The site, (shown above) will occupy the space between King and Duke Streets, and between the railroad tracks and Victoria Street, serving as a connection between GRT light rail and buses, coach buses, GO service, and VIA Rail. It is also proposed as a mixed-use development, with retail, office, residential, institutional, and civic spaces. Further, the Region desires to optimize the entire area for pedestrians and cyclists first. Continue reading
Update: As I was digging around through the Regional Transportation Master Plan, I discovered that the Region has found PM peak hours to fall between 2-6pm. My initial analysis looked at 5-6:59pm, so the sub-optimal wait times may have been skewed by the transition from peak to off-peak service levels. I have since updated my analysis to cover 4-5:59pm.
Update 2: I’ve adjusted my algorithm to merge stops that share the same terminal or the same intersection. This means there is no longer distortion around major hubs that exaggerates the amount of waiting and waits at stops elsewhere in the network appear more clearly. The interactive map has been updated, but I still have to update the static images in this post.
I live on Queen Street, about a 10 minute walk from Charles Street terminal. It’s a 3 minute bus ride though, and the stop outside my building is serviced by 4 different routes coming in and out of the terminal. In theory, based on the number of buses passing through each hour, you would expect an average wait of 3.5 minutes (up to 7 minutes) making the bus competitive with walking if I’m in a hurry or the weather is poor.
Sadly, this is not the case. You can often see 2 or 3 buses coming one after another down Queen, which means there are up to 16 minutes of no scheduled service at times. Because of the variations in headways for the stop, based on the schedule, we should expect 6.5 minutes of delay, making taking the bus marginally faster on average, but almost twice as long at worst. Clearly, the bus schedule is not very optimal for wait times near my home. From a user’s perspective, it could be made more efficient for the same amount of service.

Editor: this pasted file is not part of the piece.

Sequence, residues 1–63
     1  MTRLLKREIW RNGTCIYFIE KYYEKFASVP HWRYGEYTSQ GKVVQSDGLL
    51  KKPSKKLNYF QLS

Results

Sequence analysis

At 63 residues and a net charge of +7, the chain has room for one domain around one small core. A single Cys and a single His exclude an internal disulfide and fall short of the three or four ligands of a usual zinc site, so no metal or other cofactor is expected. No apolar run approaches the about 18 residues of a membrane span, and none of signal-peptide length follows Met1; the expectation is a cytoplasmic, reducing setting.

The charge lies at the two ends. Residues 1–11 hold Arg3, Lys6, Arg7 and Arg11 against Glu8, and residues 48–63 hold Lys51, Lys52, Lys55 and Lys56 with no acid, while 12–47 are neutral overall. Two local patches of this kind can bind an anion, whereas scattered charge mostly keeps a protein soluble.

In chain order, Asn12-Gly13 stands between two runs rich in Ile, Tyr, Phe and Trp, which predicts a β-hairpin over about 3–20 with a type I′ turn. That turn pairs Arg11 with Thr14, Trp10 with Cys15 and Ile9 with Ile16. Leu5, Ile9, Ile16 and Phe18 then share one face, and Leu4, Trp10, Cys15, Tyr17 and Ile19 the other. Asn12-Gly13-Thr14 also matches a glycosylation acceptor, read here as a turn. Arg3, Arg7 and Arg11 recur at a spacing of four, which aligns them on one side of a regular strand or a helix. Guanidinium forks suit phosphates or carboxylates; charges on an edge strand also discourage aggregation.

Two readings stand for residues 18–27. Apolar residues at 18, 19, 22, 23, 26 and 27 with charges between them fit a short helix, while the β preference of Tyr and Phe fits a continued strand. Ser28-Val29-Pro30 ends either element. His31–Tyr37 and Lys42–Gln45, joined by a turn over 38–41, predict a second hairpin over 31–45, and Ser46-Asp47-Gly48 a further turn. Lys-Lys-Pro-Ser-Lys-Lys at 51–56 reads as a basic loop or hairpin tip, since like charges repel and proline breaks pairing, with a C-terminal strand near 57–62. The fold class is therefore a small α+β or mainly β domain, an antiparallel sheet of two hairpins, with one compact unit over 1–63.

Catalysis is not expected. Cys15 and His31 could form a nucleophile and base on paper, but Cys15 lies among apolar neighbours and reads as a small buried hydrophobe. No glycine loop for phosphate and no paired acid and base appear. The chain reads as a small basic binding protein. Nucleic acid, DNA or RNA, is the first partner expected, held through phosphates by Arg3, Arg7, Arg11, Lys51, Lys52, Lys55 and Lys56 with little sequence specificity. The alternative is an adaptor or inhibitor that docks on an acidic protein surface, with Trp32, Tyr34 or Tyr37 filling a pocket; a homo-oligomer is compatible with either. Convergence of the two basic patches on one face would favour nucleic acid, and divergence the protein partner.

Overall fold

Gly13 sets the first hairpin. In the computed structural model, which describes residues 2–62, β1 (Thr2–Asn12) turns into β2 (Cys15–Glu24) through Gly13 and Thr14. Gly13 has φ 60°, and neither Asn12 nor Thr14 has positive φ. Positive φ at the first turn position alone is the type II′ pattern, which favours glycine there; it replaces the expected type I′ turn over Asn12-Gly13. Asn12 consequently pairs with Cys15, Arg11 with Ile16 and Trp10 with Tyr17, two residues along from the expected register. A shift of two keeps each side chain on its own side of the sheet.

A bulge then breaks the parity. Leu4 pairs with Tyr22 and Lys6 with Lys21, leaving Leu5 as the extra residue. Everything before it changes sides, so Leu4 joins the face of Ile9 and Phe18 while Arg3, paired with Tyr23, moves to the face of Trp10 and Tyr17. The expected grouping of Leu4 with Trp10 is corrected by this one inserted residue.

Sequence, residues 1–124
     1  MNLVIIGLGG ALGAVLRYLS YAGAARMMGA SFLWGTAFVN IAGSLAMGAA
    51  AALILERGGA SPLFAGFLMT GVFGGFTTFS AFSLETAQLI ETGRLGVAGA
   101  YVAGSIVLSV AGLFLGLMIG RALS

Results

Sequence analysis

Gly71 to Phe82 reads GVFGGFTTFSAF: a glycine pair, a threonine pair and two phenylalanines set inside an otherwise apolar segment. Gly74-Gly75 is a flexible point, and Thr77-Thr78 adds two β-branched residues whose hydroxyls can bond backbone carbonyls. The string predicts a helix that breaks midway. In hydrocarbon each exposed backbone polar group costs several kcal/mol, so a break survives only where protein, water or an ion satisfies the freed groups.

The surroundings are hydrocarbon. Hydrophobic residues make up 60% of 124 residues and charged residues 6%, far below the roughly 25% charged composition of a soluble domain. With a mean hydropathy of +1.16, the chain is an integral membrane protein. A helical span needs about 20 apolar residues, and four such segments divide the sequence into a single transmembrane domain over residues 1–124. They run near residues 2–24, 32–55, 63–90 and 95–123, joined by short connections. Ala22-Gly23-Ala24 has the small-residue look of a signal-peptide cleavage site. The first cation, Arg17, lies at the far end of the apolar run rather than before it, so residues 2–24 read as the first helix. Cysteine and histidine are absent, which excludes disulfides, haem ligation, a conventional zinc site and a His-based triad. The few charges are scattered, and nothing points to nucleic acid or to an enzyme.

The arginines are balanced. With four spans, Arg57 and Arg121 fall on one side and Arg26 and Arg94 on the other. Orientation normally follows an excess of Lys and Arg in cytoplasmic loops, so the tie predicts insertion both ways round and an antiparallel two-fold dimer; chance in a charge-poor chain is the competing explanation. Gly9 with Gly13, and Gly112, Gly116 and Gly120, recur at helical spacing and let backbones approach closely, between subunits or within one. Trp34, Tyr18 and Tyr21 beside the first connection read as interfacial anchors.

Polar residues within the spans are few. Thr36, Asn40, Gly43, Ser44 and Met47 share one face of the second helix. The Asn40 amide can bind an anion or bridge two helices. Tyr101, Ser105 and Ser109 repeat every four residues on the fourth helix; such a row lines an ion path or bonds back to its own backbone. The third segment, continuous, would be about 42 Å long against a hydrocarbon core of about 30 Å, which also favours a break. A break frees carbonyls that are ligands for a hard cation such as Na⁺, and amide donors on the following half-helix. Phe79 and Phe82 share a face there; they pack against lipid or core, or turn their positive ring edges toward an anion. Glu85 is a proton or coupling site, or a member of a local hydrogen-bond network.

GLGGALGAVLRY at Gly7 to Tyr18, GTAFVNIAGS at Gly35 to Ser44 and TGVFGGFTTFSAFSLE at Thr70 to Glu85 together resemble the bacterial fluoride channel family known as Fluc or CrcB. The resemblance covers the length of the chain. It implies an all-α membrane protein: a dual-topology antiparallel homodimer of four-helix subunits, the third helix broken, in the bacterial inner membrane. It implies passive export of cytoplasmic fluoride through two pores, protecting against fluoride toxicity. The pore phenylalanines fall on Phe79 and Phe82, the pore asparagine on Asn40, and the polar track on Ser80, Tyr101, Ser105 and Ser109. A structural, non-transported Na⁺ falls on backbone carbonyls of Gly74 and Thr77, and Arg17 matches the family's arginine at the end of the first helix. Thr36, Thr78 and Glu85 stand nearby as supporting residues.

The “cut the waits” challenge
I decided to investigate a little further, to see if there were other areas of Waterloo Region where this was a problem. Thankfully, the Region provides its transit schedule as Open Data. I was able to read in all the bus schedules in order to create a map of inefficient scheduling from a user’s perspective.
Today was the last day of the Central Transit Corridor Community Building Strategy’s forum on creating great places. We focused today on the part of the corridor between downtown Kitchener and uptown Waterloo, ‘midtown’. While we were discussing ideas and possibilities, the Urban Strategies staff worked away at building a model of the midtown corridor out of foam blocks. Current buildings are in white, potential redevelopment and intensification possibilities are blue.
Especially exciting is the redevelopment potential for the RMS property (former Uniroyal factory). Of course, the blue buildings are just conceptual models of what things might look like.
During the meetings, we also discussed many of the nitty-gritties of midtown, like how to make the area more amenable to walking and cycling (and not less), where does parking fit in, and what places we’d like to preserve and which ones are ripe for redevelopment.
Proposed relocation of the Iron Horse Trail to accomodate new condos and parking
A development is being proposed at the north end of the Iron Horse Trail. The proposal includes changing the alignment of the trail connecting Park and Caroline Streets around the buildings such that the trail lies between two parking garages. Others have attempted to share their concerns (see A sanctity of trails, Building a place to go, not go around, and Designing to improve the Iron Horse Trail). I have recently described my reservations about this development in an email to Uptown Waterloo councillor Melissa Durrell. I have included these concerns here. To voice your own, please use the Council contact form provided by TriTAG.